When I visited the exhibition 'Hope to Nope: Graphics and Politics 2008-18' at The Design Museum London last week, I was confronted with a reality that I feel is often forgotten: to what extent can design principles, no matter if good or bad, influence and radically alter the global political, economic, and social landscape?

Graphic design has led the political and social turbulence of the past decade by responding in a timely manner to emerging critical matters and thus providing the perfect canvas for people to speak up and express a diverse range of strong hopes and fears. We are witnessing disruptive times when the political debate is being spread worldwide via downloadable and shareable content. Graphic Design has become more relevant than ever before.

In conjunction with this, the designer in me was wondering until what point could a public institution, and the curators working on its behalf, remain unbiased whilst curating an exhibition like this in a world where double standards are the norm. How could they include both sides in the conversation? The one that voted remain and the one that voted exit; the one that proclaims they#FeelTheBern and the one that wants to #MakeAmericaGreatAgain.

Although undoubtedly challenging, I like how Lucienne Roberts, David Shaw, and Margaret Cubbage filtered this exhibition through the lens of graphic quality and interest, and organised the space into three different sections - Power, Protest and Personality- leading to an exploration of the intersections between design, technology, and politics as well as the analysis of how the rise and viral natural of social media has influenced and democratised the relationship between graphic design and politics.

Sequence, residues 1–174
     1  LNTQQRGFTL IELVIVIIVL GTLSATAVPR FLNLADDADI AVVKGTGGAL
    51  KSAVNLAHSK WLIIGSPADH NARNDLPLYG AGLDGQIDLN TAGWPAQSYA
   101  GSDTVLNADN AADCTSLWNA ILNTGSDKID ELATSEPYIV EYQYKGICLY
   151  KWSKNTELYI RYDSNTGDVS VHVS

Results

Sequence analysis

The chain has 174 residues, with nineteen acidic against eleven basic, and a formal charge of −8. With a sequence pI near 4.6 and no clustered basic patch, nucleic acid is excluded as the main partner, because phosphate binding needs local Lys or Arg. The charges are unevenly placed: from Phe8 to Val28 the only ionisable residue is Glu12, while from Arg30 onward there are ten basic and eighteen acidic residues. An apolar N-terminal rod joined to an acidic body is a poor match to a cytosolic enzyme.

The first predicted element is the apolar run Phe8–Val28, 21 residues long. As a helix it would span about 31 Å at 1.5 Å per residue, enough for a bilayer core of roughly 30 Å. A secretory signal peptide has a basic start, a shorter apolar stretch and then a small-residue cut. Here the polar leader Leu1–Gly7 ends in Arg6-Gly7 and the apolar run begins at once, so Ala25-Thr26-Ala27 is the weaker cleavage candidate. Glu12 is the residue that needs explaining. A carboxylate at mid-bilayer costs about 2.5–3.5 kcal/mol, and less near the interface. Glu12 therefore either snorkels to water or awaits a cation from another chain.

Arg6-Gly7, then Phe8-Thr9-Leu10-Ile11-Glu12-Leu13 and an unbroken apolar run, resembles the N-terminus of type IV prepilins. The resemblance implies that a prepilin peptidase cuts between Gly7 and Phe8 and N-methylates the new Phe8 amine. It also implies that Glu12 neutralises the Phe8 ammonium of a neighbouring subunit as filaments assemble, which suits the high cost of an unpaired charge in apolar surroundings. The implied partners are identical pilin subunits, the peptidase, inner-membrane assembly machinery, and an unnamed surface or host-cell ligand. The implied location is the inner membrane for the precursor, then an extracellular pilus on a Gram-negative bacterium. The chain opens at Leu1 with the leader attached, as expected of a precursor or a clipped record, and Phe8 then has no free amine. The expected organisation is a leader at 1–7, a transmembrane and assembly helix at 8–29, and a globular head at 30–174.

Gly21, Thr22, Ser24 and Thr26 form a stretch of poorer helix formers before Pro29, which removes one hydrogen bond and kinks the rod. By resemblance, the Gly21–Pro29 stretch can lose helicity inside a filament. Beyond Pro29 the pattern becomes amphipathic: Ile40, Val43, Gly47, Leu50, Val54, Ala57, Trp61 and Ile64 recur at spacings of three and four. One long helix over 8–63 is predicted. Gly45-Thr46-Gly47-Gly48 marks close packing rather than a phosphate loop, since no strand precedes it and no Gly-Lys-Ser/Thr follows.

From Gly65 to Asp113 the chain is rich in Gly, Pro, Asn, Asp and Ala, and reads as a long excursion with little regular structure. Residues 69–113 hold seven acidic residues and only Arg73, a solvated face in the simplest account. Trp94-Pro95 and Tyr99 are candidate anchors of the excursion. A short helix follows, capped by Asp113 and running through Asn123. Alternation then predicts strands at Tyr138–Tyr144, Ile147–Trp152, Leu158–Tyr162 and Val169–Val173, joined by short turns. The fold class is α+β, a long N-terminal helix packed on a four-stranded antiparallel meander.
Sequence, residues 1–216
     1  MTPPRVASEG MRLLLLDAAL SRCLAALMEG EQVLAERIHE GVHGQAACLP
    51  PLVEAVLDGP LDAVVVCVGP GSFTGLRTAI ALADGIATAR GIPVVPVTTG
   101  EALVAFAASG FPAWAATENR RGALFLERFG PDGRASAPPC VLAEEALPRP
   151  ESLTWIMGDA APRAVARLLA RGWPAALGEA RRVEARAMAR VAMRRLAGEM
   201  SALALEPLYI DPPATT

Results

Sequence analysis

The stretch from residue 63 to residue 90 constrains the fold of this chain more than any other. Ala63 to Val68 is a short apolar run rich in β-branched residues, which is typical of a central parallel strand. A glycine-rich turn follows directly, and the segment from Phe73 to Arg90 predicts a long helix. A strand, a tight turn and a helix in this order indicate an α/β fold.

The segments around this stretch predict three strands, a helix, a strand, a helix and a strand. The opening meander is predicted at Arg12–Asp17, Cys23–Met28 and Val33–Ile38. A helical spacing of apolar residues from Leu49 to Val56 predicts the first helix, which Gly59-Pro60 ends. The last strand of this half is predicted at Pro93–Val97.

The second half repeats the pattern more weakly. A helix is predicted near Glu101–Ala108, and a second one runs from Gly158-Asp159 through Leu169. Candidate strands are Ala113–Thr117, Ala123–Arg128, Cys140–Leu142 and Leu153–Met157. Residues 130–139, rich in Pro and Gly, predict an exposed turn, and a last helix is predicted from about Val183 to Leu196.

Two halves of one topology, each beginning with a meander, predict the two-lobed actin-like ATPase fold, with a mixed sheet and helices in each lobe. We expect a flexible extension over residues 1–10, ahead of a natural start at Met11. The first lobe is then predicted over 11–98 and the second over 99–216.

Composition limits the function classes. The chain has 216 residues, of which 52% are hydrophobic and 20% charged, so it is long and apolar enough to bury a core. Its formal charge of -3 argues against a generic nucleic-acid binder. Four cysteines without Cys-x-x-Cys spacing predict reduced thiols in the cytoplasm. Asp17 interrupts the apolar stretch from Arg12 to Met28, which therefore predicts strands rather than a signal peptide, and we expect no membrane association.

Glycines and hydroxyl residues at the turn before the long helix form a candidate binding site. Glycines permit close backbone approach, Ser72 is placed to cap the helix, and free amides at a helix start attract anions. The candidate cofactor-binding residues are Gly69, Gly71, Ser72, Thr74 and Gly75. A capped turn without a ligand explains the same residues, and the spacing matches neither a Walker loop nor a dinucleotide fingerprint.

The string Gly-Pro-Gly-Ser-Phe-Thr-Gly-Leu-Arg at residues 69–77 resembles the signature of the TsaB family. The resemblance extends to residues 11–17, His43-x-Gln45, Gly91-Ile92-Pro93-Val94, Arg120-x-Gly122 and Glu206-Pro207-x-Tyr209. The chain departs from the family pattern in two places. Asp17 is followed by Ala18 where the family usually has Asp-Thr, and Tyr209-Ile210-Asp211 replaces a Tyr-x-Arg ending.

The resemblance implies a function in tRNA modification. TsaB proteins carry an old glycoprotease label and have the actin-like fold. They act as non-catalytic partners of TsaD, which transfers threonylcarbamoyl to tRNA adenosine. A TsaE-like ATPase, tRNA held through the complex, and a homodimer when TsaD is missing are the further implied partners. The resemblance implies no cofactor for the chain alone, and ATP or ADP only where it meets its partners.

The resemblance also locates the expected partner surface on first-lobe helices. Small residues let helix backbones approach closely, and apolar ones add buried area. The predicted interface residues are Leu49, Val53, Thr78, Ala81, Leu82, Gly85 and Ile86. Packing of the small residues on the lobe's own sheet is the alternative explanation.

From the election of Barack Obama, the global Occupy Movement, or the inflatable duck used during the protests against former president Dilma Rousseff in Brazil, to the #MeToo digital campaign, graphic design claims its part in informing, empowering, and allowing the marginalised to join the political conversation, and becomes the hope to all the nopes around us.